(Reuters) - One of two male western lowland gorillas at the Cleveland zoo has died, several years after he was diagnosed with heart disease, zoo officials said.
Bebac, 32, died on Friday, leaving fellow gorilla Mokolo, 29, as the zoo’s only specimen.
“This is an extremely difficult loss for everyone connected with Cleveland Metroparks Zoo,” it said on its Facebook page.
Officials asked people to support the zoo’s gorilla conservation program in remembrance of Bebac. The effort is aimed at protecting vulnerable gorilla populations in Rwanda and the Democratic Republic of Congo.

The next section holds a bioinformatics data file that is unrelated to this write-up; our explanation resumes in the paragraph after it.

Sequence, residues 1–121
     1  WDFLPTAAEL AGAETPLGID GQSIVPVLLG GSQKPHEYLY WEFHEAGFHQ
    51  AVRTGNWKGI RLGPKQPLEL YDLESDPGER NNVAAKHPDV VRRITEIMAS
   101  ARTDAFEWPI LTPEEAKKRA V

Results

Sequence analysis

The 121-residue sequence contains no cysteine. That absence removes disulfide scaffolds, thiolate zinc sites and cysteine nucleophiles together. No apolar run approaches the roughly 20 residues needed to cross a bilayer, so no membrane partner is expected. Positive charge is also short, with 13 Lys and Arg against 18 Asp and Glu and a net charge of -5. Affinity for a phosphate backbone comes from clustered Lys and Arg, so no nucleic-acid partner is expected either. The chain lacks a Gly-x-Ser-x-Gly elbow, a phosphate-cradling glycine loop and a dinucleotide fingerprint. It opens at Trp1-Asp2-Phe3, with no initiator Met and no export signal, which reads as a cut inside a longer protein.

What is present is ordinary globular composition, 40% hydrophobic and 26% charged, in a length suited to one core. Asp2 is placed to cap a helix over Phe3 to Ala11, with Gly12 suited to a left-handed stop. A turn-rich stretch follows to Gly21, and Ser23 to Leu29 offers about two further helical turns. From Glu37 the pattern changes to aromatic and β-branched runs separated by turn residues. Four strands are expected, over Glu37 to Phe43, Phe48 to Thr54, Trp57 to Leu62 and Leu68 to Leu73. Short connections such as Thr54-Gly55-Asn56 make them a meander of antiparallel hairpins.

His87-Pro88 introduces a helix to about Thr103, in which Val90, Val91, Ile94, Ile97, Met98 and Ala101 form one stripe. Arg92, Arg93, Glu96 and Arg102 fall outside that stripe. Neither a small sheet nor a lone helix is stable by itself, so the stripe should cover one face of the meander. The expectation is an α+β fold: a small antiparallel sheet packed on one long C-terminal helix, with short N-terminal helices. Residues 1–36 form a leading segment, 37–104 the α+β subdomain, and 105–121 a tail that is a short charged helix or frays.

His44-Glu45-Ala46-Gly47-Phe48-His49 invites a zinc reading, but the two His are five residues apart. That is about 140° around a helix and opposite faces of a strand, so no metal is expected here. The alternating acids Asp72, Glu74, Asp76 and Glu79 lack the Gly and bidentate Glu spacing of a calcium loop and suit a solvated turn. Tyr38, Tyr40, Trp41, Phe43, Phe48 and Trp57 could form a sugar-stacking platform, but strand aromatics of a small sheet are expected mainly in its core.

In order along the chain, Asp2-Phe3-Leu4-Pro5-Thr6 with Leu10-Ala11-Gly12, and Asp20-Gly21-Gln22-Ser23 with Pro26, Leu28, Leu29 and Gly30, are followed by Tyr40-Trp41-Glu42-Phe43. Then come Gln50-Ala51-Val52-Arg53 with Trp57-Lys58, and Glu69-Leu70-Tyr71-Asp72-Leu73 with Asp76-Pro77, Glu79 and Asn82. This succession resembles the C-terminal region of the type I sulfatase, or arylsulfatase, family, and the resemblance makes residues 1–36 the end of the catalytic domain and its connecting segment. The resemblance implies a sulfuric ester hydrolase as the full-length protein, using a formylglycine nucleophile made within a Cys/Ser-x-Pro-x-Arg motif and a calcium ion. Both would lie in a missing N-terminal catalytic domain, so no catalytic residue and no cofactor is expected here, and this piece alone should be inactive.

Both the zoo’s gorillas were diagnosed with heart disease in 2008. The zoo sought to manage their symptoms by altering their diet and encouraging foraging behavior.
A number of U.S. zoos have western lowland gorillas in captivity. Harambe, a lowland girilla, was shot dead at the Cincinnati zoo in May last year after a child fell into his enclosure, causing an outcry.
Gorillas can live for 50 years or more, both in the wild and in captivity, though such a long lifespan is rare.
Colo, a female at the zoo in Columbus, Ohio, is the oldest gorilla in the United States at age 60.
Reporting by Joseph Ax; Editing by Jeffrey Benkoe